Many of my firm’s business clients have been calling me to see if they can obtain money in addition to available government assistance for the losses they are suffering due to the COVID-19 pandemic. I advise them that it all starts with a deep dive into their insurance policies. Let’s face it, most of us don’t read every single paragraph and rider to our insurance policies though we should. While this activity normally ranks up there on the fun-scale with wisdom teeth extraction, it is an important and necessary step if your business needs funds and has no other recourse now that the gov’t bailout has run out of money.
First the bad news: After the advent of SARS (which BTW also was a coronavirus) and H1N1 (AKA Swine Flu), most insurers added specific exclusions for closures caused by “communicable diseases” or “pandemics.” So the first step is to look to see if that exclusion is there. If it is not, then you business likely has several potential coverage areas that will allow you to file. The insurance industry has developed specialty products that expressly include a specific coverage grant, usually as part of a commercial property package, for losses arising out of communicable diseases. So you may have in fact paid for the privilege to get the coverage.
If a pandemic exclusion exists, does, then all still may not be lost but it will be harder to get coverage and may require litigation. Some possibilities will be discussed below:
A: If you have communicable disease coverage – think hard about all manner of losses: Don’t forget areas of work that have to be done that could be added to the claim. Costs of cleaning the facility; costs of PPE acquisition and disposal; interest on loans that became necessary due to the pandemic; storage costs to move stock or furniture into a storage facility; and even costs of a PR firm’s help in crafting messages to customers and suppliers are all items that can be reimbursed under a covered loss. In addition, the insurer may try to keep your claims limited to the level of coverage for the communicable disease sub-limit of the policy, but a fair argument can be made that the communicable disease loss led to losses covered under the general business interruption section of the policy.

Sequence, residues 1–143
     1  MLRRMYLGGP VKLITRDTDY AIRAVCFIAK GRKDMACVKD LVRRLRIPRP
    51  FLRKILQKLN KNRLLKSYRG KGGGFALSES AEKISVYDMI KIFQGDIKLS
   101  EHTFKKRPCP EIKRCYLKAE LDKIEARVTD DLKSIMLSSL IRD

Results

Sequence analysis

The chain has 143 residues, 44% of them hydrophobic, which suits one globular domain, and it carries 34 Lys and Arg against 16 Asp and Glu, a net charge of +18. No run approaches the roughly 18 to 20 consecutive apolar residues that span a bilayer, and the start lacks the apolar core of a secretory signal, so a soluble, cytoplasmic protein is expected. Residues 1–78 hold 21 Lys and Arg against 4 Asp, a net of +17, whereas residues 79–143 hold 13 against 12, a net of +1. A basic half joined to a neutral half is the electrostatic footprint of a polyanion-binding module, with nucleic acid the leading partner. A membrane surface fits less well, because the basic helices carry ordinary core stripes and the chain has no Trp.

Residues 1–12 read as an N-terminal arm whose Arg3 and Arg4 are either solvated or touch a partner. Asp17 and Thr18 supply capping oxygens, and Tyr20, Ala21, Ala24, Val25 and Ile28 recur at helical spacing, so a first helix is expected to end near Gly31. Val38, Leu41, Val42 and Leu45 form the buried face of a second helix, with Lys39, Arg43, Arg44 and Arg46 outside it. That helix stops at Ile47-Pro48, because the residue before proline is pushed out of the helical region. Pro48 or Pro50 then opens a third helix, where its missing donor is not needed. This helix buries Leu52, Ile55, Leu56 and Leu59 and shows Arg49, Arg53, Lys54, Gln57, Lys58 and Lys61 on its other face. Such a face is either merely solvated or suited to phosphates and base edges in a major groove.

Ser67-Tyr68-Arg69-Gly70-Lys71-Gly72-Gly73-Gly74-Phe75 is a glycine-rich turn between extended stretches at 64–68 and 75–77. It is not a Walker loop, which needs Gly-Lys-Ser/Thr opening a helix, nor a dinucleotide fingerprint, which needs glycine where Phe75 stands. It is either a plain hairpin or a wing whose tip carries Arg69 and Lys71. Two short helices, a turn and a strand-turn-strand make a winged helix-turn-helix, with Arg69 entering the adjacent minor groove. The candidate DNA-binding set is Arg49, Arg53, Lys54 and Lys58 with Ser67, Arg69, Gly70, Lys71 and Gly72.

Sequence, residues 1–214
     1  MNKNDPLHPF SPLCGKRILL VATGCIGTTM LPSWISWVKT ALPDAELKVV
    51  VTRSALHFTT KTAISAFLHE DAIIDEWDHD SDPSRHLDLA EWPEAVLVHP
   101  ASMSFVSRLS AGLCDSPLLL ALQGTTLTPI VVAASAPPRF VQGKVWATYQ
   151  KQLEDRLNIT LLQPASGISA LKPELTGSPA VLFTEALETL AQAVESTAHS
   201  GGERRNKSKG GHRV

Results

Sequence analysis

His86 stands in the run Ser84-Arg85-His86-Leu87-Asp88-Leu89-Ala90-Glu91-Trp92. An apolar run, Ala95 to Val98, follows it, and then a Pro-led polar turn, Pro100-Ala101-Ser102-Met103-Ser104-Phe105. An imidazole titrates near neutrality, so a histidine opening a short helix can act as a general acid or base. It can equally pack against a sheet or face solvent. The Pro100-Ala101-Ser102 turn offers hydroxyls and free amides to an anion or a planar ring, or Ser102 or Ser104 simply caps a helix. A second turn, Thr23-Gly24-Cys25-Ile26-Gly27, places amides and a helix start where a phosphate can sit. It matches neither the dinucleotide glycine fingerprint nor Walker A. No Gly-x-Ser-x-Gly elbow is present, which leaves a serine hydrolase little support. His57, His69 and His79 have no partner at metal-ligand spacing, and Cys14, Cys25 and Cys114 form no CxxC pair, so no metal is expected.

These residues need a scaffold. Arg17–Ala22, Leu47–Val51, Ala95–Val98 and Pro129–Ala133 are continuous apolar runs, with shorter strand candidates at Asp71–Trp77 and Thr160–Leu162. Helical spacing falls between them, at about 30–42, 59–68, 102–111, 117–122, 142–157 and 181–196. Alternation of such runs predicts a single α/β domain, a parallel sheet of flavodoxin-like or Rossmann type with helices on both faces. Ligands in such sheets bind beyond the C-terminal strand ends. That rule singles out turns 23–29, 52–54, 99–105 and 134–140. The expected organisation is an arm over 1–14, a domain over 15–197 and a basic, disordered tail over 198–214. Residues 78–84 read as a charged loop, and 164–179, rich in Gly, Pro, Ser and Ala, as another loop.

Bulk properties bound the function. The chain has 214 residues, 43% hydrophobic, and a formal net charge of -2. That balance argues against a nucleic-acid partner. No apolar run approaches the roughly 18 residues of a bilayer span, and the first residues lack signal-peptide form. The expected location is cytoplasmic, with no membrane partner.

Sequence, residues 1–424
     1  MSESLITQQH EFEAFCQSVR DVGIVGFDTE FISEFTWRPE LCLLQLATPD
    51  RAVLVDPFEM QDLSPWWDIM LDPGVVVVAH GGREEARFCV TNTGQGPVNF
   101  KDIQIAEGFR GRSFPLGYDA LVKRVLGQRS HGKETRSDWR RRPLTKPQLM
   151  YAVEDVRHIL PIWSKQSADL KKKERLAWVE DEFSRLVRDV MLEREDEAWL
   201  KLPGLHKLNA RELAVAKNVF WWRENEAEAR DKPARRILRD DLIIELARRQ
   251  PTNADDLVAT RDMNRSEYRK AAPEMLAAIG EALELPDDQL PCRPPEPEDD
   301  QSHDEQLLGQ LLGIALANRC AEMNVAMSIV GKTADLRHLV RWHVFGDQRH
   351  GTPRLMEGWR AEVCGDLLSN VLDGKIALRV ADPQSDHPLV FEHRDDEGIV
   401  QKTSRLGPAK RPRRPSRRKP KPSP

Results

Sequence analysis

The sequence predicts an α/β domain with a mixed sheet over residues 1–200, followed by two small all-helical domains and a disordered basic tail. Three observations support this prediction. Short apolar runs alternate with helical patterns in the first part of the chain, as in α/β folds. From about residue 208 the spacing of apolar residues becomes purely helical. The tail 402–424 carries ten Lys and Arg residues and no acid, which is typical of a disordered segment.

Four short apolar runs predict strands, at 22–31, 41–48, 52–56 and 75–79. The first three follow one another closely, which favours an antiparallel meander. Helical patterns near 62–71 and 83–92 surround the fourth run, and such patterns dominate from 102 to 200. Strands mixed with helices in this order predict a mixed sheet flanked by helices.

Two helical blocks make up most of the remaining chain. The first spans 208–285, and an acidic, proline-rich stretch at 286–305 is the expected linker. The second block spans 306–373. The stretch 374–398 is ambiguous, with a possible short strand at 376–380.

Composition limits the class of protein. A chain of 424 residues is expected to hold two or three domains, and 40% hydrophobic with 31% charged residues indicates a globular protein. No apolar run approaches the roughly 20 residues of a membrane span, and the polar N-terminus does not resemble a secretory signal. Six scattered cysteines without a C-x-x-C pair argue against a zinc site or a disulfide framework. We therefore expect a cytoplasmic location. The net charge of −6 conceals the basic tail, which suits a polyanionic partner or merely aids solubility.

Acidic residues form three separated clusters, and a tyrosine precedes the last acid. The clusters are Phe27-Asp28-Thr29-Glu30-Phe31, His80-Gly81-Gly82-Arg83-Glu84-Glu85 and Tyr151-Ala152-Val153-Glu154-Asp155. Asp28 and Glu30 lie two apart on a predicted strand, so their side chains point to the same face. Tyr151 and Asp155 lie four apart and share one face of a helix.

In that vein, your property damage clause may cover you for at least the cost of clean up. Even without physical damage to property, there is some support in the case law for coverage arising out of the inability to use the property. Under this area of cases, if a policyholder suffers a loss due to, for example, a harmful substance rendering the property unusable or uninhabitable, even temporarily, that might be sufficient to satisfy the physical loss or damage requirement
B: Event Cancellation Insurance: If you had to cancel a large event like a food fair, festival or convention, even if there is a communicable disease exclusion under your policy, you can argue that the cancellation was caused by the government shutdown order and not the disease itself. Here though the cancellation would have to be actually ordered not merely suggested and you will not get coverage if you canceled “out of prudence” or because you thought you might take a loss or not make as much money. It has to be something our of your decision-making and control.
C: Contingent Business Interruption: This coverage may be in your policy. It is for situations where one of your main suppliers or biggest customers – but not you – has been put out of business by the pandemic. Contingent business interruption insurance expressly covers the policyholder’s lost profits and other economic losses that result from loss or damage to the property of a supplier (i.e., a third-party entity upstream in the supply chain) or a customer or client (i.e., a third-party downstream in the supply chain).
Conclusion: Businesses need to look to all potential areas for funding at this time. Do not overlook the time-consuming task of close examination of your insurance policy for potential coverage areas. If you are going to file a claim, take care to search for and itemize each loss and potential loss. Get help from professionals to help sift through the policy and draft the claim documents. Don’t be surprised if you get an immediate denial – but review the denial letter carefully and see if there is a way to fight the basis for the non-coverage that the insurer is relying upon. Also, whenever the smoke clears, have your broker look for better and more expansive coverage (if you can afford it) to be in a better position to get relief when this happens again.
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